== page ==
Based closely on the known historical record, Crossing Point brings to life the American Revolution in all of its bloody detail.
When the Revolutionary War begins, Guy Watson is a slave to the Hazzard family in Rhode Island, but he is soon engaged in service for the American army by Samuel Ward, head of one New England's most prominent families. Torn about leaving his beloved June and the other slaves that have become his family, Guy eventually sets out with Samuel Ward and a battalion of men on a treacherous, and legendary, trek to Quebec.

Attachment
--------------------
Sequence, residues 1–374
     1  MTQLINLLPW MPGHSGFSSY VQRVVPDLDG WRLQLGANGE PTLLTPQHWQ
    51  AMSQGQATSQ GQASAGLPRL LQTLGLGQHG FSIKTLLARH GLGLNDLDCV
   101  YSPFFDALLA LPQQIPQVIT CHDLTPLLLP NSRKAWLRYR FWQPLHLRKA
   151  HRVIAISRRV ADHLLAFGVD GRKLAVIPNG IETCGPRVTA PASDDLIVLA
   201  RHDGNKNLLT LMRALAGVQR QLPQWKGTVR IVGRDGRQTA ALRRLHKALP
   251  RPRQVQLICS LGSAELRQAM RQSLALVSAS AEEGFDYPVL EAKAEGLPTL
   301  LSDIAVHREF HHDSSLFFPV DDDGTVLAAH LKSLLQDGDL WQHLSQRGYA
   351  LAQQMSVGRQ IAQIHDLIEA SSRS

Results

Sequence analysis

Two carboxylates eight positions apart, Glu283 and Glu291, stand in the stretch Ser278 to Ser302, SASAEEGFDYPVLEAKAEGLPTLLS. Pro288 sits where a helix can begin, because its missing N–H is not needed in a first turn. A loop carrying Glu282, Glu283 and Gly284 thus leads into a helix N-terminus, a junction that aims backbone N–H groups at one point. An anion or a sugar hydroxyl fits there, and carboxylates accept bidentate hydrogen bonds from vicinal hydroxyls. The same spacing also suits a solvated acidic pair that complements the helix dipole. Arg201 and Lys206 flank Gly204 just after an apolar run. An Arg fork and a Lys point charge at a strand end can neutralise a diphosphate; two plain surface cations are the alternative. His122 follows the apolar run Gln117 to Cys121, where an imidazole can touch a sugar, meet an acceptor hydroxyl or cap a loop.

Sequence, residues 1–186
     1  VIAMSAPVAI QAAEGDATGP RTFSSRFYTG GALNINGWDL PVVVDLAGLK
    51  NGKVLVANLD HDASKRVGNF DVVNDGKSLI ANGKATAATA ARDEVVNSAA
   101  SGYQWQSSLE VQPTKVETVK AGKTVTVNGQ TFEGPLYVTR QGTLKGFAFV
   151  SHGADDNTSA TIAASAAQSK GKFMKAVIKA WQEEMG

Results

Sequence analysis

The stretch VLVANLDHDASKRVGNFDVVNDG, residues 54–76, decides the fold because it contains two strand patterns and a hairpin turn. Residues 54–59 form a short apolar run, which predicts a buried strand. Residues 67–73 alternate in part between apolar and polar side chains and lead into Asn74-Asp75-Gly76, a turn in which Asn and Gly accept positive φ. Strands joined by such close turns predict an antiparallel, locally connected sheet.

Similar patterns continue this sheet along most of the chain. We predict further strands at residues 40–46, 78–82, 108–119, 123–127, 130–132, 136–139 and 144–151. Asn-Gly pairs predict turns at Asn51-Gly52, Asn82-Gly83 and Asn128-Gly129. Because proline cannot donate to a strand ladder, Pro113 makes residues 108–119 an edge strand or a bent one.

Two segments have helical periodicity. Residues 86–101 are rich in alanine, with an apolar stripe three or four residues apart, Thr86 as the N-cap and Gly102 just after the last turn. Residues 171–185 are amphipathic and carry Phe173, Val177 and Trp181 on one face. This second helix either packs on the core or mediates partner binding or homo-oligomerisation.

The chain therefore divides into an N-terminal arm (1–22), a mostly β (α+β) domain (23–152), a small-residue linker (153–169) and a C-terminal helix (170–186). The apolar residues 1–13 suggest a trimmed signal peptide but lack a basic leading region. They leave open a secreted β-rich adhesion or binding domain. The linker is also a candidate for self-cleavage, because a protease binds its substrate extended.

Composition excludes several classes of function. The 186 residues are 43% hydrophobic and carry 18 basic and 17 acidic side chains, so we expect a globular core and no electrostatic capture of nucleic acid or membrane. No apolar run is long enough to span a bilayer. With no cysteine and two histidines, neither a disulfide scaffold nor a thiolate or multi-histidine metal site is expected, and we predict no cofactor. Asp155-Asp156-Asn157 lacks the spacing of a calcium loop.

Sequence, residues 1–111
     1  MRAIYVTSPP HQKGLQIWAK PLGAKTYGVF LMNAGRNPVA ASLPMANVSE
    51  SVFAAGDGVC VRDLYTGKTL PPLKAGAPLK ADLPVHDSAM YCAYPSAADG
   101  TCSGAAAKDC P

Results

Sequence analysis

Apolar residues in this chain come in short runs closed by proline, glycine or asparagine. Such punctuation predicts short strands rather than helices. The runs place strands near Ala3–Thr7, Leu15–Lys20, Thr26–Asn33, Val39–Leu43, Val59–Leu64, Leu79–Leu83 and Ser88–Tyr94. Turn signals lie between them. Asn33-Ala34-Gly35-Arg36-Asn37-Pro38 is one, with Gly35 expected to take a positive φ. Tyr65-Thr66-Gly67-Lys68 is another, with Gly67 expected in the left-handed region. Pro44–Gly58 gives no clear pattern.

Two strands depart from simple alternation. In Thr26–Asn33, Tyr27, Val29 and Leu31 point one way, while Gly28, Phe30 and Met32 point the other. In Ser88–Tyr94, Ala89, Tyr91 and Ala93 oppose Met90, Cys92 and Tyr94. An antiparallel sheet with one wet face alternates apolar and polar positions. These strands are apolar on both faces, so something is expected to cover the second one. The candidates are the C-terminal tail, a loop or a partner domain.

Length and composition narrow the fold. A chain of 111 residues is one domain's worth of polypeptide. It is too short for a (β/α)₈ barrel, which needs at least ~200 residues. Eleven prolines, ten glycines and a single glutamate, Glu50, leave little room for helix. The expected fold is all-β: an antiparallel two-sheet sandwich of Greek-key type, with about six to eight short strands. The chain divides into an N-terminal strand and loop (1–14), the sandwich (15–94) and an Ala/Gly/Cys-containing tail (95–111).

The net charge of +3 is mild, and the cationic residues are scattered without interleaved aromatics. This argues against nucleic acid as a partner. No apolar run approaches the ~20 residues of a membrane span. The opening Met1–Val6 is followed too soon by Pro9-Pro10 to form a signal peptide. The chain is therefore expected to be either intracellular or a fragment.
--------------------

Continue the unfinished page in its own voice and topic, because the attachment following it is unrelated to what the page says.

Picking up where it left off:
The two men experience the inevitable toll the brutality of war takes, and it changes them forever. Upon their eventual return home, they come to realize the cost of war not just for those in battle, but also for those who stayed. Crossing Point vividly shares a little-known chapter in the national founding, and raises the question of what justice was fought for by the men who faced an uncertain freedom when the last shots were fired.
James Glickman is a graduate of Yale University and the Iowa Writers' Workshop. His fiction and nonfiction writings appeared in the Boston Globe, Redbook, Ladies Home Journal, Berfrois, and many others. His first novel Sounding the Waters came out in 1996 to wide acclaim. Crossing Point is his second novel. He lives in Massachusetts.